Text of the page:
The colony had long since perished, but while searching for it, Poul Egede and others sent by the Danish king spent their time converting the Inuit population. And for Poul Egede it was a success as he had the advantage of speaking the language and knowing the culture.
In 2014, Realdania beautifully renovated two old colonial houses in Ilimanaq – the old shop and Poul Egedes house.
Lunch in the school teacher’s home
Ilimanaq sees a great many tourists in comparison to other settlements due to its close proximity to Ilulissat as well as its colonial history. Unlike in Oqaatsut, we were far from alone on our visit. But the group we were with was small, and our guide – the owner of Arctic Friend, was well acquainted with the locals of Ilimanaq. Thus, he had arranged for us a local lunch.
There are eight students in the school in Ilimanaq, all of them different ages and all of them requiring to be taught in at different levels within a wide spectre of topics. One school teacher provides the primary education for the children in these first years before they are sent off to the larger cities to continue their secondary high school years.
14 % of Greenlandic children leave their home at around 14 years old, because the settlements where they grew up are not big enough to support more than 7 years of education. Not only that, but these children who have grown up in a settlement of maybe around 50 people, suddenly have to become accustomed to being one amongst 1500 or so school children in a large city such as Nuuk, Sisimiut or Aassiaat.
We got the chance to visit the local school teacher in Ilimanaq, and hear about the life and school in the settlement. She treated us to a local curry fish soup and a Danish layer cake.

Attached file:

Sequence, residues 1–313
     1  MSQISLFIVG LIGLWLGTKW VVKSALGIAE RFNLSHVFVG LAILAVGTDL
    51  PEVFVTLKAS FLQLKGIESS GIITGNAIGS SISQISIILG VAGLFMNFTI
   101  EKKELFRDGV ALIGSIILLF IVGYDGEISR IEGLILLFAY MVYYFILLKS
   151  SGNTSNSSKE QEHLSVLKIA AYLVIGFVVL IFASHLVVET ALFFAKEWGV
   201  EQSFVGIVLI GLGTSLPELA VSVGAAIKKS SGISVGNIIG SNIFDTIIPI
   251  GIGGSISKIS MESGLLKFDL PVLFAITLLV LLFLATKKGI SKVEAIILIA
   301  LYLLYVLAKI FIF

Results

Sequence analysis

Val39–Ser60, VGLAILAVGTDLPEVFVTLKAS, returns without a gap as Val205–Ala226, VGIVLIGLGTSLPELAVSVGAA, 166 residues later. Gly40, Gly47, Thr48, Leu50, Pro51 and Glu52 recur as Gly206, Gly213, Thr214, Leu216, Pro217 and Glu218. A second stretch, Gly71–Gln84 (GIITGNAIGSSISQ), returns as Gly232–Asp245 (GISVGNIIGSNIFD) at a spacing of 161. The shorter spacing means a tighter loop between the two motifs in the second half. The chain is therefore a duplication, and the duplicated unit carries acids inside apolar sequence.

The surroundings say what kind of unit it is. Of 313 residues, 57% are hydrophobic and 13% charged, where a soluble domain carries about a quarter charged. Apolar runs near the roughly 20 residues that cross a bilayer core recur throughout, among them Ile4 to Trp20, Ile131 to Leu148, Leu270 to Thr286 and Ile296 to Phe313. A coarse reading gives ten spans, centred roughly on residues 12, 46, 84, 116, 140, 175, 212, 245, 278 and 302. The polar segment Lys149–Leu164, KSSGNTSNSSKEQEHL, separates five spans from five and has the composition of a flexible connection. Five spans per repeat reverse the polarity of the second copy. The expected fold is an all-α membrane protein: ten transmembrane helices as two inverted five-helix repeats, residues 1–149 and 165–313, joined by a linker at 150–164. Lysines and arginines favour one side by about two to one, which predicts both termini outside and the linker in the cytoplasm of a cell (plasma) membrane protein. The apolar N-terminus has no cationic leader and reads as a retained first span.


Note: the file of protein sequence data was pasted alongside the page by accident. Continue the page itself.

We were not the first visitors she and her husband invited into their home. There were a thank you note hanging on the wall from the Danish Prime Minister, thanking the family for inviting him and the EU President Donald Tusk to their home.
Moreover, our guide seemed to be intimately acquainted with the family and could tell us that the husband had received the price for catching most halibut in Greenland during the summer 2016. Outside the house were a pile of what others would consider hunting trophies, but what is merely everyday in Ilimanaq. Whale bards, musk oxen horns, reindeer antlers and much more from the husband’s hunting.
While in Denmark people hunt for trophies, in Greenland they hunt for food and because it is such an integrated part of their culture to live off the wildlife.
The visit gave this day an added feeling of being not merely a tourist, but a guest in this beautiful country and welcomed in the midst of the locals.
The journey of the humpback whales
But we had not merely come to see Ilimanaq. The boat trip south was also shadowing as a whale safari. We had already seen whales up close on our first day, but since then our luck had not been great. Therefore, it was quite surprising how many humpback whales we saw swimming north past Ilimanaq. Small families of whales were slowly making their way up the coast.
We were fortunate to have the company of a Spanish guy, who was an enthusiastic drone pilot.
While I am not very keen on the idea of drones due to their noise and the spying factor, I must admit that it was pretty cool to have the drone spy on the whales. While we only saw a fin or a tail fin, the drone caught the whales playing and feeding.
The below video was made by Joaquin Romera, who was so kind to let me post it here.
Ilimanaq was definitely worth a visit, and the fact that we came with a small and well integrated tour agency with close contacts in the area made the day even more special.